Skip to main content
Best News Website or Mobile Service
WAN-IFRA Digital Media Awards Worldwide
Best News Website or Mobile Service
Digital Media Awards Worldwide
Hamburger Menu




Maldives seeking renewed trust, reliable finance as climate change threatens ‘death sentence’

Maldives seeking renewed trust, reliable finance as climate change threatens ‘death sentence’

The Maldives capital Male. (Photo: AFP/Roberto Schmidt)

SHARM EL-SHEIKH, Egypt: The Maldives’ environment minister said she hopes to leave the United Nations climate summit in Egypt with a sense of renewed trust between the developed and developing world, as well as an outcome on loss and damage.

Shauna Aminath told CNA at COP27 on Thursday (Nov 10) that global temperature rise was posing a death sentence for her country and many other small island nations, as she called for more ambition to address the causes and impacts of climate change.

“Even now with 1.1 (degrees Celsius rise), we are experiencing extreme weather. Our islands are getting flooded. Every single island in the Maldives is eroding. Every single island in the Maldives has run out of fresh drinking water,” she said.

“I can't even imagine a home when global temperatures overshoot 1.5 degrees.”

The Maldives has been a leading advocate for decades for climate change action, as slow onset impacts including sea level rise, erosion and changes in weather patterns, affecting food security, have worsened. Sea level rise is a problem for the entire world due to global warming, which causes glaciers to melt and the expansion of water in the ocean. For the past half a century, sea levels have been rising at an accelerating rate, the fastest in 3,000 years. 

Over the last decade, the rate has been about 4mm per year and for low-lying states like the Maldives, the situation is already alarming. Coastal flooding and storm surges will become even more common as temperatures increase.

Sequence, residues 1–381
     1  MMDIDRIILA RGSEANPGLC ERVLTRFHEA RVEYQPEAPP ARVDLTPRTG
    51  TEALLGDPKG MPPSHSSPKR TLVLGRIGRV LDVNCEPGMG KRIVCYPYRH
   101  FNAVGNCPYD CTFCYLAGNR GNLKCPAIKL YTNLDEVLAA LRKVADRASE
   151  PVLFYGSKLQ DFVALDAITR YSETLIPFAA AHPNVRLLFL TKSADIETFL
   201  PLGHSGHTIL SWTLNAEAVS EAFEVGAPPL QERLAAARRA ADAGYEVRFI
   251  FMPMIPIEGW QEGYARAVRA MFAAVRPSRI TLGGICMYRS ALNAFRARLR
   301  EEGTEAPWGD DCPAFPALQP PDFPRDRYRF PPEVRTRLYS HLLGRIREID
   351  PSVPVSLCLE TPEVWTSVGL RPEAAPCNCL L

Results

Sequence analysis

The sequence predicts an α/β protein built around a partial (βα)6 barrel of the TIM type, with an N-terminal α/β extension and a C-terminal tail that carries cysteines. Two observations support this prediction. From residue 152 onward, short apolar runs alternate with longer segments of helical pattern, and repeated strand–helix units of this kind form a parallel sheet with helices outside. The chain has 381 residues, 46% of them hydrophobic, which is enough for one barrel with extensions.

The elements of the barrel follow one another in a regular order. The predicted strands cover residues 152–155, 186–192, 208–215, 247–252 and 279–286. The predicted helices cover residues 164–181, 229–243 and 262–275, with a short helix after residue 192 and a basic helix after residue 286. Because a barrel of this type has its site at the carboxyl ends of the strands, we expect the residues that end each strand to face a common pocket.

Ms Aminath said negotiations at COP27 needed to make progress on specific “reliable funds and predictable finance” for loss and damage, whereby developed nations that have historically caused carbon emissions and temperature rise would provide financial assistance to those suffering the worst of the impacts.

“When a country like the Maldives, when countries in the Caribbean, when countries in the Pacific Island nations, are constantly being hit by severe storms, by extreme weather events every year, that affects our development. That constrains our fiscal space,” she said.

About 35 per cent of the Maldives’ national budget is currently spent on coastal protection and flood prevention.

“Loss and damage for me, for the Maldives, means our ability to continue to live a healthy life,” she said.

“I think one reason why this topic has become such an urgent issue is because for many years, we have failed on mitigation. For many years, we have failed on adaptation as well. Now we are in the loss and damage space.

“It's a complex issue and we need a mosaic of solutions to be able to address this and one of them is the establishment of a fund, which is capitalised.”

A new climate data report, released by leading scientists with the Global Carbon Project on Friday (Nov 11) showed that global carbon emissions remain at record levels this year.

If current emissions levels persist, the report states that there was a 50 per cent chance that the 1.5-degree Celsius threshold would be passed within nine years.

"There are some positive signs, but leaders meeting at COP27 will have to take meaningful action if we are to have any chance of limiting global warming close to 1.5 degrees Celsius. Right now, we are not seeing the action required,” said study lead, Pierre Friedlingstein from Exeter's Global Systems Institute.

Source: CNA/ga(gr)


Also worth reading